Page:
In this qualitative study, I examine, through the lens of repression, Swedish Muslims’ experiences of being targeted by authorities in the latter’s attempts to prevent terrorism. In an effort to comprehend the full force of this repression—as coercion in its physical and violent sense, but also in its more subtle and consensual forms—I interweave various Marxist and postcolonial perspectives. The study discusses internal aspects of repression, as well as its external qualities, expanding our understanding of how repression occurs between bodies and within society. I develop the concept of “repressive consent” as a means of grasping situations in which people are influenced to undertake activities against their will. Empirically, the article focuses on experiences of disproportionate security controls and encounters with the Swedish Security Service (Säpo). The material reveals both painful and everyday consequences. For some individuals, becoming a target in the War on Terror may have, as the informants of the study indicate, devastating consequences; for others, it may feel like a friendly chat.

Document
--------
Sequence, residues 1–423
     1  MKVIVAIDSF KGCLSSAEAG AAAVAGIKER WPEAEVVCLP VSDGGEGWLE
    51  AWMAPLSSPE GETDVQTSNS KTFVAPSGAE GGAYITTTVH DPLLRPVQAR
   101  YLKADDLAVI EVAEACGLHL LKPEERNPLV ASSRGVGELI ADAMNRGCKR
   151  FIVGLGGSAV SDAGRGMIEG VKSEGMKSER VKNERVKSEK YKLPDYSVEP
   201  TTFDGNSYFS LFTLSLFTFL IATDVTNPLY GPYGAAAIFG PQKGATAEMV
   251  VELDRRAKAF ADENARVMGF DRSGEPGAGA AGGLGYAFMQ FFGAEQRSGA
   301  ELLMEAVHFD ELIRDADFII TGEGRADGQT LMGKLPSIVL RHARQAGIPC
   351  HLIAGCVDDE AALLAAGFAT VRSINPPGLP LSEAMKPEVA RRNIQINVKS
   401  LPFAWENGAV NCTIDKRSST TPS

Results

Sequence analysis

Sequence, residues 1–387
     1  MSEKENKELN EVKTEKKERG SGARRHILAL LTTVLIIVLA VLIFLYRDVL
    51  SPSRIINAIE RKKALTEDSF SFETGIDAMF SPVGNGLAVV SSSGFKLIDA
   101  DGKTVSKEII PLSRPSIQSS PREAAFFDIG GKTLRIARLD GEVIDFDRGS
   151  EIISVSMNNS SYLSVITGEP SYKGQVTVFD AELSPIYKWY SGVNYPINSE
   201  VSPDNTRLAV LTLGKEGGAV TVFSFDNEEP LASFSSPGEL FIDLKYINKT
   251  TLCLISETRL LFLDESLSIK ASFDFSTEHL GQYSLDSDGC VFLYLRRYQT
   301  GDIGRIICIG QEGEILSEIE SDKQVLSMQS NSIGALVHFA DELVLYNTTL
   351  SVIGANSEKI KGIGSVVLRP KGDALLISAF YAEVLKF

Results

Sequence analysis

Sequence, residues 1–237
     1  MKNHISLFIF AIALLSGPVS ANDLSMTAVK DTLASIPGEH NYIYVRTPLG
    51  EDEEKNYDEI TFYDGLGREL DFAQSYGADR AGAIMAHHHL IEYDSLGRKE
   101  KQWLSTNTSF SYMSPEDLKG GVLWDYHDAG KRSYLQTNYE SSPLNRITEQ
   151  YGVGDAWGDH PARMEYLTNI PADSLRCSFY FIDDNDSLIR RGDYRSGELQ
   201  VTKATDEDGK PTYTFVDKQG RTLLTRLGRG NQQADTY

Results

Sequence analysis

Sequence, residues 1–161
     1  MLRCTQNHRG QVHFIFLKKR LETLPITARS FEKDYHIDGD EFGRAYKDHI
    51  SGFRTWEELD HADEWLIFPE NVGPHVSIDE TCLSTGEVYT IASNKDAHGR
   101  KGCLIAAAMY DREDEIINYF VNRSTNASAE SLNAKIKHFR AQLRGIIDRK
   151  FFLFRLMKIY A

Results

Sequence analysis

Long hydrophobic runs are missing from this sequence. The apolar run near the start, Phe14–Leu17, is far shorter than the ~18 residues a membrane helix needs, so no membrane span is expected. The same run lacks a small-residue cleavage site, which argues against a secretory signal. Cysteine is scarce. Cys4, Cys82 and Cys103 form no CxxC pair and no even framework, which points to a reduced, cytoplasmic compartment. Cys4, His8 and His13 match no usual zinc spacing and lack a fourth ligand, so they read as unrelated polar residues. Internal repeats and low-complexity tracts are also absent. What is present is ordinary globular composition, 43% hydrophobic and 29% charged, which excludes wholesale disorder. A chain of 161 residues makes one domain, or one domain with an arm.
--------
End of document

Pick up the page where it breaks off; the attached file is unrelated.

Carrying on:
Schclarek Mulinari, L. (2019). The Spectrum of Repression: Swedish Muslims’ Experiences of Anti-terrorism Measures. Critical Criminology, 27(3), 451–466. https://doi.org/10.1007/s10612-019-09462-8